And so I posted the cute picture to my instastory with my note for the women experiencing what I had experienced multiple years before, and a bit this year, A few friends reached out to check on me – because they are wise and loving – and I couldn’t explain everything I just told you. That I was better than years before, but experiencing a mix of sorrow and joy that felt strange. I didn’t know how to explain that I was both deeply sad and still free in my bones, because I couldn’t explain it to myself yet. So I gave them the answer I could: that I was trying. And spent the following hours and days experiencing a deep vulnerability shame for speaking up. Because I didn’t mean to post it in an attempt to garner sympathy for myself. I was truly speaking to the women in this posse of fertility misfits who I knew were having a hard day because I’ve had both the misfortune and pleasure to have gone before them. But my words were also for me, because I was hurting a bit too. And so I started to cave to this shame creeping up in me that says the only reason to speak out on this thing called social media, that we love to hate, is to receive love and affection.
This is where vulnerability gets tricky. I haven’t been writing much over the past several months, for a few reasons. Grad school is harder than I anticipated (eye rolls welcome), life has been busier than we thought it would be, I’ve largely been uninspired, and these pieces of me that are changing just didn’t have words to go with them yet. So I largely stayed silent while I processed. But the danger with staying silent is that you lose the habit of vulnerability. You grow out of practice. And I, certainly, need the practice and habit of vulnerability in order to engage well. Left to my own devices I stay bottled up instead of welcoming people into my suck. So when I spoke out this week, after months of not so much, I was immediately flooded with deep shame. Shame for being so open with The Internet. Shame for baring an unflattering piece of my heart. Shame for speaking.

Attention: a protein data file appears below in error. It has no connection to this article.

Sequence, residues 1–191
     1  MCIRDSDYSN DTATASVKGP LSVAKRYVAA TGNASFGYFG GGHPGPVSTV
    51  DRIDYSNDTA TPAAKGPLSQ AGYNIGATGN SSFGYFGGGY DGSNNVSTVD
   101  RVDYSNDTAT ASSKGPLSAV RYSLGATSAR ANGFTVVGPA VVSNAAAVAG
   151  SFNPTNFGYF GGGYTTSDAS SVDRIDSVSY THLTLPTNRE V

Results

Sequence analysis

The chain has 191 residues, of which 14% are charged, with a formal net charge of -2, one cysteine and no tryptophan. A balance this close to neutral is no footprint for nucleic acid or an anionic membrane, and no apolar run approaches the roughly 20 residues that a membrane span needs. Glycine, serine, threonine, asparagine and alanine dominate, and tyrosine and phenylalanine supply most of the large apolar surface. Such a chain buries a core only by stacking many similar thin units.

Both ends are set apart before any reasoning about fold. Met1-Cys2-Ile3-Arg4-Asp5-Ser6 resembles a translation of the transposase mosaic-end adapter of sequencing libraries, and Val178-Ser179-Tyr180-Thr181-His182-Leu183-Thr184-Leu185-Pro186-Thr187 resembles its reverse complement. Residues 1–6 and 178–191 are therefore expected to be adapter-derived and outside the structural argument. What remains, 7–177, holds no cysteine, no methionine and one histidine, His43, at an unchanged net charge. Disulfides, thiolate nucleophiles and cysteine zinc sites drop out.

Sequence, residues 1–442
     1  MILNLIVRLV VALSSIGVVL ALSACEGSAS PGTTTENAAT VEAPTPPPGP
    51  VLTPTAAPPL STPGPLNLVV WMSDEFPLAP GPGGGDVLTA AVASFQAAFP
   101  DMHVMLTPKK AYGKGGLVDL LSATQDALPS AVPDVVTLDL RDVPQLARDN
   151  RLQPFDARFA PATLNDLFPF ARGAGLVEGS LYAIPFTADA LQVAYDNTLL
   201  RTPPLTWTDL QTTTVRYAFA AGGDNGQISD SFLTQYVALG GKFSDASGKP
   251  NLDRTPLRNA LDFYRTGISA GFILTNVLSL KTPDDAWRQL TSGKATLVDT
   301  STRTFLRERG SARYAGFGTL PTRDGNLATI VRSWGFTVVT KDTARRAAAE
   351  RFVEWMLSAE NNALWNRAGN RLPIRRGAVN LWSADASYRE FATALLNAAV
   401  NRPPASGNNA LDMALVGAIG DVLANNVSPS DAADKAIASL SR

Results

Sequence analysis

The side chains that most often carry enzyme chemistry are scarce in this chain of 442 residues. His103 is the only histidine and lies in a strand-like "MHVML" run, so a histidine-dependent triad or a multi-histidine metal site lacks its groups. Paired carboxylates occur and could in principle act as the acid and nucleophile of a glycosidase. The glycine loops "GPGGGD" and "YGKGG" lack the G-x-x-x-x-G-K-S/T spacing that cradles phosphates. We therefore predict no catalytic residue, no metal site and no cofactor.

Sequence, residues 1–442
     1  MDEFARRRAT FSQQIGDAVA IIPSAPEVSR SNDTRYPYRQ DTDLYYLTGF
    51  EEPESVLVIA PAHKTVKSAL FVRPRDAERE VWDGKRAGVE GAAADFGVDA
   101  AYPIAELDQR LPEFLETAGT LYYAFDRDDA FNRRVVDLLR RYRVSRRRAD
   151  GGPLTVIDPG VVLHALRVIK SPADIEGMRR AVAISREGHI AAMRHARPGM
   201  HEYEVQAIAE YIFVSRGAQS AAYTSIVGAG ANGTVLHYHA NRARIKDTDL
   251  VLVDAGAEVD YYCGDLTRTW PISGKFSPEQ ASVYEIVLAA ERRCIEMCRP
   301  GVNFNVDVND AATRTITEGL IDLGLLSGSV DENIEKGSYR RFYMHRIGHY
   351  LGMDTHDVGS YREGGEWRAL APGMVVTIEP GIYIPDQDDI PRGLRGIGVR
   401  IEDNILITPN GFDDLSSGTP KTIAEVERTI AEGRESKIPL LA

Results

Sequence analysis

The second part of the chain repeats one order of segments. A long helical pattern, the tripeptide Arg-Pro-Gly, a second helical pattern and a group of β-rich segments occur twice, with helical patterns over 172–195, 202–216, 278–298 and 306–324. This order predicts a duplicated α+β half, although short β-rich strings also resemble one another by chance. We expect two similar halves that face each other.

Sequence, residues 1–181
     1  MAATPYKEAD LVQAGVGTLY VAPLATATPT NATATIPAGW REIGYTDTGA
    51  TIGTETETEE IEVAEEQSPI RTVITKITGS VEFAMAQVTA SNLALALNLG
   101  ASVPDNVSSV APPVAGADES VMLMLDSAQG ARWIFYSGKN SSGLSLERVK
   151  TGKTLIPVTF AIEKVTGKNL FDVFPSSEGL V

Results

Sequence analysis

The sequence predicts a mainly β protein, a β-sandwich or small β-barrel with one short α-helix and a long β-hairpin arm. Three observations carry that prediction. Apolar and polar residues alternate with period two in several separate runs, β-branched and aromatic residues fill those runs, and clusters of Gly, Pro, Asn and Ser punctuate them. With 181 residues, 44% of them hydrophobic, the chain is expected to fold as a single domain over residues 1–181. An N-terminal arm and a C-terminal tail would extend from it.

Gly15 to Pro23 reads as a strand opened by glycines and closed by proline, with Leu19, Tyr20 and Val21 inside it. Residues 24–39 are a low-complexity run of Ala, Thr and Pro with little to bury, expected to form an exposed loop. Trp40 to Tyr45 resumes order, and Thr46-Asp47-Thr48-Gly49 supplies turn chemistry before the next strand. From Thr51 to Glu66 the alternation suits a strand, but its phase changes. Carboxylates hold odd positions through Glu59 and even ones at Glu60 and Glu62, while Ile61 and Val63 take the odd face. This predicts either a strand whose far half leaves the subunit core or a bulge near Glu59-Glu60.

I’ve become a big podcast listener over the past year, and today I listened to a host explain why they talk about themselves so much and tell such degrading stories about themselves when they know the public probably thinks they’re being self indulgent and narcissistic. This host said, the guest will only ever be as vulnerable as the host, so they’re willing to get deep in the muck first. I could feel my heart cracking as I sat at my desk. How beautifully true. Most people don’t show up in our lives ready and willing to bare the deepest parts of their souls, the good, bad, and gross. But it’s in all of us. If I want my table to be open to everyone and welcome to authentic, vulnerable, broken people, I have to be willing to be the first one to get down in the dirt and share my brokenness. And I’ve decided I will.
I don’t want to ever stop speaking loudly about the pain I’ve gone through if I think it will help someone else, because the voices of other women who have gone before me were some of the only things that got me through those early years. I don’t want to ever cower to vulnerability shame that tells me I speak out for attention or the words I speak have no power, because the words spoken TO me have more power than those people realize. Because God speaks to me through his word and through other people. And I don’t ever want to quit speaking out because I don’t think anyone needs to hear it or no one will get it. We are given voices that carry power, and refusing to use that power is disobedience. Refusing to speak up for and speak life into other people is what we’re made to do, but it starts with being honest about ourselves.
So here’s to getting back into the habit of writing and the habit of vulnerability. Here’s to saying no to shame.